Cleaning Up Our Broken Glass

Cleaning Up Our Broken Glass

Guest Column / By Jonathan Grunberg

It’s time for a new broken windows policy: one against racism, homophobia, anti-Semitism and Islamophobia. We must prevent hate crimes from leaving shards of glass in our streets as Kristallnacht did.

Jonathan Grunberg
Jonathan Grunberg

We are all too familiar with the broken windows theory of policing: punishing small crimes to prevent big ones. There’s been a familiar divide between the opponents and proponents of broken windows policing. Democrats decry the over-policing of people of color, leading to kids being trapped in the criminal justice system. Republicans say crimes are crimes no matter how small, and the stakes are too high to let criminals slide.

Well, the stakes are too high to allow acts of racism and oppression to stand. If you believe in a great America — whether Democrat or Republican — it’s time to speak up against oppression, no matter how slight. To the Republicans who believe in broken windows policing, the time has come for you to stamp out racism, homophobia and religious-based oppression.

Let me be clear: The vast majority of Republicans think this kind of hate has no place in our country. We’ve heard the old guard of the Republican Party denounce Donald Trump’s proposed ban on Muslims. That’s why I have hope.

Wednesday, Nov. 9, was the anniversary of Kristallnacht, when German citizens rampaged through the streets, killing Jews and destroying their homes, businesses and synagogues.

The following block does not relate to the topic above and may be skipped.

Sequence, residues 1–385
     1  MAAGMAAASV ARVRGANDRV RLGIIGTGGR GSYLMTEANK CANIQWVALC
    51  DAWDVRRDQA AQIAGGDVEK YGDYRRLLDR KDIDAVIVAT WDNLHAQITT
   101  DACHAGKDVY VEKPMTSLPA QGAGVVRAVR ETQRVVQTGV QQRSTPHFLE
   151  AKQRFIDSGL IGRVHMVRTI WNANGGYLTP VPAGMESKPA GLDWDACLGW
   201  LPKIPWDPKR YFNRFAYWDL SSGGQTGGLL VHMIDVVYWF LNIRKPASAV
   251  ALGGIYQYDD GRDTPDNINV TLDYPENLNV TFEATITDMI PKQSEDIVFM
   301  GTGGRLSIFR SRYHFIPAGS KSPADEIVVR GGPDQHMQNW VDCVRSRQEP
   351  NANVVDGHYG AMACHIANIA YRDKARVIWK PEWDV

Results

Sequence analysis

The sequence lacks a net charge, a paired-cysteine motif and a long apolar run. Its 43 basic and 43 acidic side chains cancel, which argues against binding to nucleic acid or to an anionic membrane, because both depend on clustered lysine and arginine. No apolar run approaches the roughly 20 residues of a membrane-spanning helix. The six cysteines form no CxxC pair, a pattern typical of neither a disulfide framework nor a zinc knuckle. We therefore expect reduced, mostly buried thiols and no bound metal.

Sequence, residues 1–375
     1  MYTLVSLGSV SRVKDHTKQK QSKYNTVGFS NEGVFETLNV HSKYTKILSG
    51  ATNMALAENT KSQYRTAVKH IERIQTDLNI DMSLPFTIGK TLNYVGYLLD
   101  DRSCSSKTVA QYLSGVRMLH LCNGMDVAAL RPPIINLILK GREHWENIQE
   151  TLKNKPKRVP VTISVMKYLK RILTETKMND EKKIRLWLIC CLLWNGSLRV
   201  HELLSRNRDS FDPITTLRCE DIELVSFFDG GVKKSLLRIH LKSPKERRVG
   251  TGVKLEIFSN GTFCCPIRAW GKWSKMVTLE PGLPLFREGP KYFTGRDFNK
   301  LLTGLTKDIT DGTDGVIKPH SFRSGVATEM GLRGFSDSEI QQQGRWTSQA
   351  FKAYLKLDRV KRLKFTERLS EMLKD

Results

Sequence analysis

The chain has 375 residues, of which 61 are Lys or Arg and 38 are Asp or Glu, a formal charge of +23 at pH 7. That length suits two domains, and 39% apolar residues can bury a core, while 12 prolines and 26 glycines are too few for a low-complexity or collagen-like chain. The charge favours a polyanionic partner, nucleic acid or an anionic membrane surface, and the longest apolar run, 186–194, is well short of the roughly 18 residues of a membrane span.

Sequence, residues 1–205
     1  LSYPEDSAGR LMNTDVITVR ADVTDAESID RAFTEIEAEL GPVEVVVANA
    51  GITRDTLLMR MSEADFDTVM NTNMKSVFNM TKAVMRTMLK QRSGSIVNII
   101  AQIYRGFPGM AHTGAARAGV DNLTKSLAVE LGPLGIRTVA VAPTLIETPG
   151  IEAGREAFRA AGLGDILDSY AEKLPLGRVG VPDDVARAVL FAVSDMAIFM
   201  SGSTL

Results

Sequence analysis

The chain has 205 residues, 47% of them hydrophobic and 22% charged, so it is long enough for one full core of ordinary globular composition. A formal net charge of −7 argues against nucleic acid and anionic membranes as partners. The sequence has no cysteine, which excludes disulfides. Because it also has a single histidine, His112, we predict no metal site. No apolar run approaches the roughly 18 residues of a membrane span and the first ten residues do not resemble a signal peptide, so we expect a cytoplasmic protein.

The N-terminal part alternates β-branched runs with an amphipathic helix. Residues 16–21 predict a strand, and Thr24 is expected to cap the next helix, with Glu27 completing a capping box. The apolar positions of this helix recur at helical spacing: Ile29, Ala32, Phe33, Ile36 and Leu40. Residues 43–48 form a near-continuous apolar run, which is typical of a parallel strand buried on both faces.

Wednesday in the United States, we saw a surge in hate crimes: from spray-painted swastikas to schoolkids chanting “white power” to the harassment of hijab-wearing women. These are the broken windows! We are coming far too close to Kristallnacht. This is our chance to stamp it out.

If you think the recent hate crimes are just isolated events that won’t come of anything, I ask you to remember our history. Seventy-five years ago, we put 120,000 Japanese-Americans into concentration camps for fear they would sabotage our war efforts. And, yes, many were American citizens. And, yes, the Supreme Court let it happen. All the while, we let German-Americans roam free. Sadly, racism and oppression are also American ideals.

Now here’s the hard part. It’s difficult to call people out, whether friend or stranger. The last election notwithstanding, we tend to be a polite society. We let acts of racism, homophobia and religious intolerance slide.

We can all mine our history and recall moments when we failed to speak up against oppression: moments in high school when we didn’t defend an LGBTQ kid from a bully; moments when our friends used the N-word as we stood by; and moments when someone said “stop being a Jew,” and we were silent.

Please, don’t let the broken windows of intolerance and hate lead us to Kristallnacht 2.0. Please, don’t tell me I’m overreacting to isolated events, particularly if you have been a proponent of broken windows policing. We cannot deny our history of slavery, racism, homophobia, concentration camps and religious oppression.

Please, speak up now before none of us is allowed to speak.

Jonathan Grunberg lives in Atlanta with his wife, Lauren Linder, and their dog, Shiva. He’s a lawyer who is passionate about volunteerism in his free time.

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